We’ll be testing the Kingston HyperX Savage 240GB using our regular testing rig, which is an Intel I7 4770K (with a slight overclock, running at 4.2GHz), 16GB DDR3 RAM, an ASUS Z87-A motherboard and Windows 10 64 – oh and the GPU we happened to have in the system at the time (which is an R9 390 8GB). The drive was installed on a spare SATA 3 port as a non-boot drive so the only thing running it will be the test software. All other applications and programs were closed apart from the application we were using to benchmark the program. In the case of results being captured on video, a separate machine with its own capture device was used. It goes without saying – but the latest and greatest drivers were also installed.
Kingston HyperX Savage Performance Results
As we hinted at earlier in this article, Kingston’s Solid State Drive pushes the limits of what’s actually possible with a standard SATA 3 6GB/s motherboard connection. With that said, if you’re used to an older generation SSD, or you’re yet to take the plunge from a standard mechanical drive to the wonderful world of SSD’s, the drive feels like a revolution.
Taking a look at the read and write performance of the drive in the popular disk benchmarking software ATTO, you’ll notice Kingston’s read and write performance claims are backed up. In this synthetic environment, the drive hits over 530MB/s write speed and 560MB read speeds.
Switching things over to PCMark 8, and the performance results are solid – but aren’t quite as high as we’d hoped for. It trashes the performance of a standard HDD (which would take something like 120 seconds in the WoW tests), but also doesn’t quite push past the Crucial MX100, a more expensive rival.
|Drive||Drive Type||World of Warcraft (Loading Time)||Battlefield 3 (Loading Time)|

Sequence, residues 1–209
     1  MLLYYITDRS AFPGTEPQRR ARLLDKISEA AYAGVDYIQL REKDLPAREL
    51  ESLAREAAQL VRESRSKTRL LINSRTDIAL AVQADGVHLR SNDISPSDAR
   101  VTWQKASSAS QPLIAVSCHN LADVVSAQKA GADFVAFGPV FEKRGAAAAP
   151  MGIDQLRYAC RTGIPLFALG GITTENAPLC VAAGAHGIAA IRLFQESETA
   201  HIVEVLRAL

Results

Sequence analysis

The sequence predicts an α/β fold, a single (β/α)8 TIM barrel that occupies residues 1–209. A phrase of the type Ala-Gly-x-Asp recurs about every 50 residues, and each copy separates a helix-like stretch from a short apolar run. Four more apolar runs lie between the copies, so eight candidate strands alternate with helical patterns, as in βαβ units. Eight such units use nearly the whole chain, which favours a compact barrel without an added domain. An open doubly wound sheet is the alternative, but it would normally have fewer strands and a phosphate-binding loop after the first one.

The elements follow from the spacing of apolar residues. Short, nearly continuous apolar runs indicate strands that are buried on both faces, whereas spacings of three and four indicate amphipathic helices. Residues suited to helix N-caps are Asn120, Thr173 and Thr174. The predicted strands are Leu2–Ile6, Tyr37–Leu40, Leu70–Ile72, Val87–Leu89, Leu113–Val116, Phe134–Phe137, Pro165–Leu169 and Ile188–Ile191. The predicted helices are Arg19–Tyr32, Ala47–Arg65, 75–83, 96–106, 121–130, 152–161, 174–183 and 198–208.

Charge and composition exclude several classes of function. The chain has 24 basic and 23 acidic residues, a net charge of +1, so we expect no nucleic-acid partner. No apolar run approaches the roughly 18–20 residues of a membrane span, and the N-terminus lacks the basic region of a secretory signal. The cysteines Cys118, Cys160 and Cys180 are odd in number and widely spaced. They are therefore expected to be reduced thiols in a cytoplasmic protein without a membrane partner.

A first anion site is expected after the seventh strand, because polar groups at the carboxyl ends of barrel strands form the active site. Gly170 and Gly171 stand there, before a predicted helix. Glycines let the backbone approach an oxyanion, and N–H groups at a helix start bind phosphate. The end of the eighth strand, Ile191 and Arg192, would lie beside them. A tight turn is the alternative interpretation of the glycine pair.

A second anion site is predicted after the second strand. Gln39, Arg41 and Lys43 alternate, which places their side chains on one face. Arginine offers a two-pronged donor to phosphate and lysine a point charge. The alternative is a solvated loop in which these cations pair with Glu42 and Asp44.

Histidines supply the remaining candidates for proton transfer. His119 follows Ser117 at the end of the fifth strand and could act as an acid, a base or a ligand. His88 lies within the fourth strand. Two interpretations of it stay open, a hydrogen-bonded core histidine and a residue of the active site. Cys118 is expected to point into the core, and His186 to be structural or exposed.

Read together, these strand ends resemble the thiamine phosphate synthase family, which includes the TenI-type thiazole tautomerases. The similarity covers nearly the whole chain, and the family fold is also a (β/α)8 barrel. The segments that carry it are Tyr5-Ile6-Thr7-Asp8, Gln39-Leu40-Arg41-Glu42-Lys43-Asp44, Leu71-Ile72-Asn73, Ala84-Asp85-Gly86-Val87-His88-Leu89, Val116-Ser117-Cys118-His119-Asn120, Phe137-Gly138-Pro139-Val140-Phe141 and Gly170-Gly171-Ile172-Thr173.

|Crucial MX100 256GB||SSD||58.8 s||133.3 s|
|HyperX Savage 240GB||SSD||59.2 s||134.8 s|
|Seagate 2TB SSHD||SSHD||97.3 s||260.4 s|
|Toshiba 1TB Hybrid||SSHD||90.2 s||283.3 s|
|Western Digital Black 1TB||HDD||124.2 s||302.4 s|
In the above table the performance difference between the HyperX Savage and a high end Hybrid drive is clear. Both the Crucial MX100 and the HyperX Savage offer almost double the performance in Battlefield 3.
Kingston HyperX Savage – A Worthy Purchase
Kingston’s drive is a great option for both gamer’s and power users – with great performance and nice looks. We’re of the mindset that the upgrade bundle is the better value piece of kit – as the small price premium buys you a USB hard drive enclosure, Acronis True Image and all of the other bits and bobs you’ll need to get you up and running. Quite simply, you never know when the extras will come in handy, and Acronis True Image is a bullet proof piece of software in its own right.
Finishing the final thoughts of the Kingston HyperX Savage 240GB – it’s hard to find much wrong with the drive. The current pricing of SSD’s has dropped so significantly that it’s almost criminal not to be running at least one for your main OS, and if you’re into competitive gaming, installing your games of choice onto an SSD is a logical choice. Professional users will also see rather nice increases with throwing photoshop’s swap file or Adobe Premiere’s caches onto a separate SSD – and thus this makes a great choice to do just that.
We were sent the HyperX Savage 240GB for review by Kingston. Please note that this is an honest review, and not a paid or promotional piece.